An illustrated children’s book, displayed as a storyboard, exists on a trail overlooking Round Lake at Green Lakes State Park – it’s between the upper and lower campgrounds and runs parallel to the street.
It is incredibly special. A magnificent way to engage children with art and writing in the fresh air while maintaining social distancing policies.
It is, like, finding a treasure without leaving the path. How cool is that?
Art is alive and well in Central New York. Art will always find a home here – find its way to you.
If you feel motivated to investigate this, there is something similar at Clark Reservation, as well. Those storyboards are placed closer together. They are in the open space between the playground and the museum. <3
We are so lucky to have some of the most beautiful New York State parks in our area. The meromictic lake trails and glacier produced hills of Green Lakes State Park and Clark Reservation are among my favorites.
But today I decided to traipse around the Stone Quarry Hill Art Park (3883 Stone Quarry Road, Cazenovia, New York 13035) – investigating paths I had never ventured on and, really, exploring the entire park. Dorothy Riester’s legacy to Cazenovia, New York is a great gift to the public. The park is open and currently free. Everyone is on their honor to come in small family groups or alone and to steer clear of the other patrons.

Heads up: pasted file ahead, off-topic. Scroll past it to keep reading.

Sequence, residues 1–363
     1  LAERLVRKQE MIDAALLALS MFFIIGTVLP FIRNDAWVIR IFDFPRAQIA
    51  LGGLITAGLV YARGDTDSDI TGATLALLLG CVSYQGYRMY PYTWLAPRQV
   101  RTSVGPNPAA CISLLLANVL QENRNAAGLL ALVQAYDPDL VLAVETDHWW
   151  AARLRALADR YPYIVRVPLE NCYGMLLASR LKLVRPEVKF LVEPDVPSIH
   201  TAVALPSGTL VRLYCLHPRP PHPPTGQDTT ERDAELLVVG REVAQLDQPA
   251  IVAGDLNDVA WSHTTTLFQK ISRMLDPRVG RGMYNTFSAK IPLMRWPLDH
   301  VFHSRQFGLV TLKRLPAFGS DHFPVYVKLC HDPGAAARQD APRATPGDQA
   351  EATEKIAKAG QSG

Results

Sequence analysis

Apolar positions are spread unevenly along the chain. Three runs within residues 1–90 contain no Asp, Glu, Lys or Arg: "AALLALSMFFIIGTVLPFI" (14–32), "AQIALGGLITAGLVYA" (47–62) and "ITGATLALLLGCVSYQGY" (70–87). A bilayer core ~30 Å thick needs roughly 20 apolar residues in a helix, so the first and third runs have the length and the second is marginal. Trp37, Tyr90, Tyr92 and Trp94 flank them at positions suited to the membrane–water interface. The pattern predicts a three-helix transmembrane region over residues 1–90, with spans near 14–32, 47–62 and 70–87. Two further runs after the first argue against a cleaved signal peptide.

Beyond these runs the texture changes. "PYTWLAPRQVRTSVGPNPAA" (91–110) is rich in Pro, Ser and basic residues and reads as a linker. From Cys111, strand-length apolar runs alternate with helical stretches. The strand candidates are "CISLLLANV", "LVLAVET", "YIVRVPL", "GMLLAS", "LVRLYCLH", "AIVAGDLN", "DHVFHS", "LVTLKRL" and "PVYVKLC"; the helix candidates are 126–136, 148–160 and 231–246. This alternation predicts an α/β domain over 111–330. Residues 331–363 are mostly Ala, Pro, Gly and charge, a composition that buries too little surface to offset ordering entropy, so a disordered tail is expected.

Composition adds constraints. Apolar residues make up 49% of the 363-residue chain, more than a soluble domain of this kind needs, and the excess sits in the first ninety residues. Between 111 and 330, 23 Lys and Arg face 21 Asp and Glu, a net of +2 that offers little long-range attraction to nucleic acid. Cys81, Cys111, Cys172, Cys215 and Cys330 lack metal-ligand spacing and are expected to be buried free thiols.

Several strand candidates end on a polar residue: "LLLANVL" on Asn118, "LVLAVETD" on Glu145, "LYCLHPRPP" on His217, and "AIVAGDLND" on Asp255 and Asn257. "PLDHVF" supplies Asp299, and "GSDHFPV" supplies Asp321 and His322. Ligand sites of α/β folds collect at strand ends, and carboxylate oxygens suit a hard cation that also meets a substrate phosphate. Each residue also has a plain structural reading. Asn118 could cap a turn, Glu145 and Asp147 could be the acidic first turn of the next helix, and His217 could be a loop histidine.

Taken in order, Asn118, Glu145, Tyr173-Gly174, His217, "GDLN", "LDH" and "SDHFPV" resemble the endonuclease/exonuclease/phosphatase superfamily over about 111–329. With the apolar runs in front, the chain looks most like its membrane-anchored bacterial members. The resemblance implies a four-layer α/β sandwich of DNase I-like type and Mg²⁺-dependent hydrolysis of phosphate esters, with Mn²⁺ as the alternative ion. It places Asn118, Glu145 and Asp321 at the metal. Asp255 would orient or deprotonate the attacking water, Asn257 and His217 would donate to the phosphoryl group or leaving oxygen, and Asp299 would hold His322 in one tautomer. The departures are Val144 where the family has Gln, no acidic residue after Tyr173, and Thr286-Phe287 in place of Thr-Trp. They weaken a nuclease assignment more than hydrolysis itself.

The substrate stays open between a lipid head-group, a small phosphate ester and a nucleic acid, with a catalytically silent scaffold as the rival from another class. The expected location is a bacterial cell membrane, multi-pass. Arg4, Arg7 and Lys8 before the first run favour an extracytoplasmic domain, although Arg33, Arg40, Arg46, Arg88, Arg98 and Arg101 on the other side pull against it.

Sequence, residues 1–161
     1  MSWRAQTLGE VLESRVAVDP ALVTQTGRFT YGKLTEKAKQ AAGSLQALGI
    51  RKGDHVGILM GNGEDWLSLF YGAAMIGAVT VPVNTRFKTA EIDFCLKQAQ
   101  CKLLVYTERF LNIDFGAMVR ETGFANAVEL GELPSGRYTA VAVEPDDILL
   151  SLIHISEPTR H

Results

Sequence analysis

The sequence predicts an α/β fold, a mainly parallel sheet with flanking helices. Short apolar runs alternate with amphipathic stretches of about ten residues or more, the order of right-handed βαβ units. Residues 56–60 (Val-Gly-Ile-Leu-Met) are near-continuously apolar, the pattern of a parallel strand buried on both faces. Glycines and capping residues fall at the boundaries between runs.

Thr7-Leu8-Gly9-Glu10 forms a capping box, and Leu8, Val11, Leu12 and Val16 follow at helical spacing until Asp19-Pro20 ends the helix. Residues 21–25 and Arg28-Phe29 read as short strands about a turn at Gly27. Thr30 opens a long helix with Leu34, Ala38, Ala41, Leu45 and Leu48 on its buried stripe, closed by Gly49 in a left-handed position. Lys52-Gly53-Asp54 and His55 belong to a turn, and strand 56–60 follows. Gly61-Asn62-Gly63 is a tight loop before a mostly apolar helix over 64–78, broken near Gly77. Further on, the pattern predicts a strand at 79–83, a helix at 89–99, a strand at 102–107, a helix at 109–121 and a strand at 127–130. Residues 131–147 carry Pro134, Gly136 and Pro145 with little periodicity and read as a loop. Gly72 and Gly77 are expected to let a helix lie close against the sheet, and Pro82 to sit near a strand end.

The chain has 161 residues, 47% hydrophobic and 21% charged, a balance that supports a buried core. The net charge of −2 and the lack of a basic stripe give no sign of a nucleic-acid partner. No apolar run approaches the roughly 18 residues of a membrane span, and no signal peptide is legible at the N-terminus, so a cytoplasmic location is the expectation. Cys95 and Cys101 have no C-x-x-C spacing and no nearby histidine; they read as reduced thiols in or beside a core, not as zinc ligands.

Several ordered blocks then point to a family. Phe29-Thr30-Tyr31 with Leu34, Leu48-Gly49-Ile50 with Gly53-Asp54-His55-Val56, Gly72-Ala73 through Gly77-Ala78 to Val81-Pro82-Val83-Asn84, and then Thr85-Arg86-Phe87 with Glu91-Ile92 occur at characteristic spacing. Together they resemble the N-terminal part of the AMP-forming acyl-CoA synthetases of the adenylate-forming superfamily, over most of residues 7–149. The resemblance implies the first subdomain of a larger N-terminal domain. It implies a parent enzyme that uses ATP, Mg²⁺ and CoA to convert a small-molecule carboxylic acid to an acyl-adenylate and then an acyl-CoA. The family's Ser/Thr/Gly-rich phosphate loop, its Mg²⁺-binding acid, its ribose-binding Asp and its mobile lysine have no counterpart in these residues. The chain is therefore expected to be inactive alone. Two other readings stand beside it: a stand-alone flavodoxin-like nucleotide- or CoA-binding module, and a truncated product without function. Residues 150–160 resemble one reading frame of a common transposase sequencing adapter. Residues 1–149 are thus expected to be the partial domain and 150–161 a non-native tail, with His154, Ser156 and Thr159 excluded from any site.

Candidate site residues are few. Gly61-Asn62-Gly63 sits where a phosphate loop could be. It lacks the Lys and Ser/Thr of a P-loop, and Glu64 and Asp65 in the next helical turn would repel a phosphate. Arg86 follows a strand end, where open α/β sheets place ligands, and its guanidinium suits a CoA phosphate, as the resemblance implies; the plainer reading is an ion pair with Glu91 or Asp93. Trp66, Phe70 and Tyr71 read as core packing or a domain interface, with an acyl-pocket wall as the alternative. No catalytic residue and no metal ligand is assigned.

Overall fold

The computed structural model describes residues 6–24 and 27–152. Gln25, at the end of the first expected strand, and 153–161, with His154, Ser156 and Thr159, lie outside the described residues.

There were, maybe, six other people there today. The forecast said rain but it was all bright sunshine when I arrived. It was as if someone lead me there, truly. I was inspired to go after meditating and when I arrived it was just incredibly magical.
My motto is to meditate every day, then spend time outside every day and to be grateful – to keep a gratitude journal and write down the positive aspects in my life every day. The gratitude today was pretty much over-the-top. Exploring these trails was fun in and of itself, but then there was this added bonus of stumbling upon works of art. Sculptures scattered around, both new and old familiar friends. Some meant to be temporary and others standing the test of time.
Escaping into this reality for a couple hours is the stuff of legend. Thank you, thank you, thank you, Dorothy, for building this world. <3
Syracuse artists Jacqueline Adamo, Lauren Bristol, Dana Stenson and Tom Huff have joined forces to produce a contemporary spin on texture for the new art exhibit at Edgewood Art Gallery and Custom Frame Shop (216 Tecumseh Road, Syracuse, New York 13224).
These four talented people – I am always running into them in town – I saw Jackie at the Yoko Ono exhibit at the Everson Museum of Art; I see Lauren every now and then while hiking at Green Lakes; ran into Dana last week at Target and Tom at the Regional Flea Market. But, weirdly enough, I missed the opportunity to see them all in one place at the same time at the art reception for their show, which was Friday night.